Recall organizers unshaken by recent poll showing voters would keep Newsom in office

Inside California Politics
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SACRAMENTO, Calif. (Inside California Politics) — A poll released by the Public Policy Institute of California Tuesday showed voters would keep Governor Gavin Newsom in office if the recall election happened today.

It showed the majority of those polled, 56% of likely voters, said they would keep the governor in office.

“The polls really don’t matter,” said Randy Economy, the senior advisor for Recall Gavin Newsom. “The only poll that matters is what’s going to be taking place on Election Day.”

Organizers of the effort to recall Newsom said they still feel confident. 

“It was actually a very good poll for us because it shows his tanking has not rebounded,” said Anne Dunsmore with Rescue California.

PPIC’s poll comes as Newsom’s anti-recall campaign continues to rake in money.

Ahead of its first official fundraising deadline Wednesday night, data from the secretary of state’s office shows the campaign has so far reported raising more than $1.25 million within its first two weeks. That includes a quarter-of-a-million-dollar contribution recently from the Professional Engineers in California political action committee.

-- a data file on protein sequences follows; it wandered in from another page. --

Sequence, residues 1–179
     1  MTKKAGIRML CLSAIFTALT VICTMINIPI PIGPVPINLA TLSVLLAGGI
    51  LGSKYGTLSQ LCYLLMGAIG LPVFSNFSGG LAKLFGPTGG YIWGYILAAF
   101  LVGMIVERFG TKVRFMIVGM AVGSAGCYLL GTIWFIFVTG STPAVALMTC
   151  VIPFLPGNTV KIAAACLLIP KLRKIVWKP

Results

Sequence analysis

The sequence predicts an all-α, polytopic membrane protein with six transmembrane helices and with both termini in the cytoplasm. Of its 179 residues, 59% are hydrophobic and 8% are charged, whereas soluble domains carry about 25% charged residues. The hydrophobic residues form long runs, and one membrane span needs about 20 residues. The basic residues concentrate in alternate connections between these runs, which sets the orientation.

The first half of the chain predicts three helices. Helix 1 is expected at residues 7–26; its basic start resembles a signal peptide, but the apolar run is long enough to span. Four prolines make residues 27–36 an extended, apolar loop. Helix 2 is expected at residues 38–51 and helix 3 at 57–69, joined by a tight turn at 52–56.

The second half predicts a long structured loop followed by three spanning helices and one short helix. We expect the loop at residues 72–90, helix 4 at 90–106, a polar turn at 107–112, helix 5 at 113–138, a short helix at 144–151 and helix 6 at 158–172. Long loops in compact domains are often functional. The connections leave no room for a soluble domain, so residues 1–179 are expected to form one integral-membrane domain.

In an email to potential donors Wednesday, Newsom wrote, “This is the first big test of our campaign, and everyone will be looking to see if we can match the big checks sent by the Republican National Committee and some of Trump’s biggest donors.”

Meanwhile, the petition signature verification process continues. The last report from the secretary of state shows 1.2 million of the 1.5 million needed signatures have been certified.

The final report is expected within the next month.

“I think we swamped them,” Dunsmore said. “My guess is we qualify for a special election with about 1.7 million signatures is my estimate.”

If the secretary of state formally announces the recall qualifies for the ballot, then comes another hurdle for both campaigns. There is a 30-day period during which those who signed the petition can request to remove their signatures.

But proponents say they’re confident the governor won’t be able to remove enough to defeat the effort.

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